But at the same time, the rich man still doesn’t understand what he’s doing wrong; he still wants to send Lazarus hither and yon, if not to serve him, then to serve his rich brothers, not realizing how fully things have changed.
29 Abraham saith unto him, They have Moses and the prophets; let them hear them.
30 And he said, Nay, father Abraham: but if one went unto them from the dead, they will repent.
31 And he said unto him, If they hear not Moses and the prophets, neither will they be persuaded, though one rose from the dead. (Luke 16: 9-31)
Abraham shares the principle that unless people already listen to the witnesses they have in this life in the form of the writings of prophets and the words of living oracles of God about helping the poor, no heavenly messenger can do any good in sharing what conditions are like on the other side and what needs to be done to prepare. If the rich man still didn’t recognize Lazarus’s equality of worth in heaven, no way would his brothers on earth heed any message from Lazarus, if their perception of Lazarus was anything like the rich man’s.
I think this is a warning for me too; if I don’t pay attention to this account or the other scriptures about building Zion and helping others, no angelic visitation that warns will move me either. I'm not rich, but come on, how rich do we have to be before we feel obligated to help?
Now, we might not have starving sore-ridden people laying at our driveways, but we will know people in need when we see them.
One of my friends told me she learned that one of her classmates didn’t have enough money to buy the book for the class because she barely even had money to buy food. This friend of mine was shocked, and rather than ignore it, decided to take action. Although my friend couldn’t spare much money herself, she decided she wanted to anonymously send some money to her classmate. She asked the major’s administrator for her classmate’s address, and when the administrator found out what for, she made an exception to the privacy rules, on condition that the teacher also be notified. My friend’s teacher was surprised to learn about such want among one of his students and gave a textbook to the classmate. My friend heard later that a scholarship was spontaneously bestowed upon her classmate not long afterward, and she gave it as her opinion that the teacher had been behind that.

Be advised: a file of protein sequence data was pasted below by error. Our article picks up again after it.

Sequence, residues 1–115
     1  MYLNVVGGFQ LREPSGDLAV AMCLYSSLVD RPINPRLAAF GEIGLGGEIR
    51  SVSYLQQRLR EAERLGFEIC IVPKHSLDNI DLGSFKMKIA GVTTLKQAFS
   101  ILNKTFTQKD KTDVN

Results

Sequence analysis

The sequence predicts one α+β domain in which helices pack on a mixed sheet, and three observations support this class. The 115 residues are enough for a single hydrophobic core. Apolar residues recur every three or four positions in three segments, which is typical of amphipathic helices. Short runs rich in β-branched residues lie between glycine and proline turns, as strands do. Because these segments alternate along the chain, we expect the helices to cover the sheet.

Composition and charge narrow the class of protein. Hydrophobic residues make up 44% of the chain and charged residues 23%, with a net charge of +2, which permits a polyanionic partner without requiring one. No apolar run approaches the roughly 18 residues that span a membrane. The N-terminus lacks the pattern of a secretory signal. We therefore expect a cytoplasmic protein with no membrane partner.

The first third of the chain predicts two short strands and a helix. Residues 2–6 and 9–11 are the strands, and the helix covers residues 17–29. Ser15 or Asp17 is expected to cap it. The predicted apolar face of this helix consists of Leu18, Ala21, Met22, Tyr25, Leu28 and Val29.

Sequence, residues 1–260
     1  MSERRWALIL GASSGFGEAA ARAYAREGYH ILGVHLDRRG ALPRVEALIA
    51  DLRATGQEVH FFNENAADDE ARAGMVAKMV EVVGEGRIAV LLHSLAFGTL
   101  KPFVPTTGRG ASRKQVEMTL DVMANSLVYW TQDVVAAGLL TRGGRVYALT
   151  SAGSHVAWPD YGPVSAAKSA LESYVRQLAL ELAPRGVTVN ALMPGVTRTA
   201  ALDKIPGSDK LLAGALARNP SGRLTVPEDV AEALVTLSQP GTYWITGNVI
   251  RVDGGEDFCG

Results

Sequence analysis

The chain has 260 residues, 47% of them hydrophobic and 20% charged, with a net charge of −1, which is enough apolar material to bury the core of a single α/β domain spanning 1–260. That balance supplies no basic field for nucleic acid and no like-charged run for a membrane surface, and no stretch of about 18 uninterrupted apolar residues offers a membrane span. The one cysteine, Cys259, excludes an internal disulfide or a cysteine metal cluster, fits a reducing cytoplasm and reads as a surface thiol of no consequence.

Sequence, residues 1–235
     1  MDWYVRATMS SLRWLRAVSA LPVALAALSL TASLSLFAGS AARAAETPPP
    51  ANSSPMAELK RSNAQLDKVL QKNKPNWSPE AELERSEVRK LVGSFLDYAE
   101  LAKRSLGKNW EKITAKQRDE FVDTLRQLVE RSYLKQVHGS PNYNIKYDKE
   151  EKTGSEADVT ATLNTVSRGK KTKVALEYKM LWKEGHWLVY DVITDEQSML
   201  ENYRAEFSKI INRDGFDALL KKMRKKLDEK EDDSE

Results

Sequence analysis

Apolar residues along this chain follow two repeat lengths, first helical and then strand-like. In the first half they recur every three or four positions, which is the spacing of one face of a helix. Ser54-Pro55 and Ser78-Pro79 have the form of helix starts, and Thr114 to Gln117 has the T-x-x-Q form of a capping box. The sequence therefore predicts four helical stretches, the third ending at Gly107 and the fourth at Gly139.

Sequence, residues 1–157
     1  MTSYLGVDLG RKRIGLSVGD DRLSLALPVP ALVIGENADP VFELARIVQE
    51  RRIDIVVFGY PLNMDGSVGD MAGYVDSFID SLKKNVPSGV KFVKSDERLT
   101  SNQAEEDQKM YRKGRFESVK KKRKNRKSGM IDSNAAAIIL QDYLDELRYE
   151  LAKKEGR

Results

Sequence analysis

I’ve tried to help when I have seen needs, but I still feel I have done less than I should have.
Here are some thoughts from other Christian writers about the meaning of this parable:
"This parable targets the violence of apathy and neglect which is widening the chasm between rich and poor. The trouble is that even such abstractions [of “rich” and “poor”] become easy to live with. We need some first hand experience of encountering the real people whom we will then not be able to dismiss as relative statistics. And if that cannot be first hand, we need to help people engage in active imagination of what it really means to be poor, to be a refugee, to be caught on the wrong side of the chasms…" ("First Thoughts on Year C Gospel Passages in the Lectionary," Pentecost 18, William Loader, Murdoch University, Uniting Church in Australia. [http://wwwstaff.murdoch.edu.au/~loader/LkPentecost18.htm])
One way we engage in active imagination of what it really means to be poor and hungry is when we fast. Our experience with hunger can guide our giving.
"If our hearts are closed to hearing the cry for justice, mercy and bread, the words of the resurrected One will not be convincing, but convicting." ("No Way Out," Mark Harris, The Christian Century, 2001. Religion Online. [http://www.religion-online.org/showarticle.asp?title=2129])
“The greatest deception is that people start to believe they are owed a privileged status. They actually think they are exceptional and believe that they have become more valuable because they have more valuables.” ("The Man Who Wore Purple and Linen," Jerry Goebel, One Family Outreach. [http://onefamilyoutreach.com/bible/Luke/lk_16_19-31.html])
“Some chasms cannot be crossed. Some things harden…. Even Abraham cuts no ice with a God determined to be just.” ("Send Lazarus," J. Mary Luti, The Christian Century, 1998. [http://www.religion-online.org/showarticle.asp?title=624])
"We would do well, I believe, to explore those things which our culture highly esteems, and then to consider whether or not these things are well pleasing in the sight of God." ("The Rich Man and Lazarus," Hampton Keathley IV, a study from the Biblical Studies Foundation. [http://bible.org/seriespage/rich-man-and-lazarus])
What inner obstacles do you struggle with when you are confronted with people in desperate need? How have you overcome them?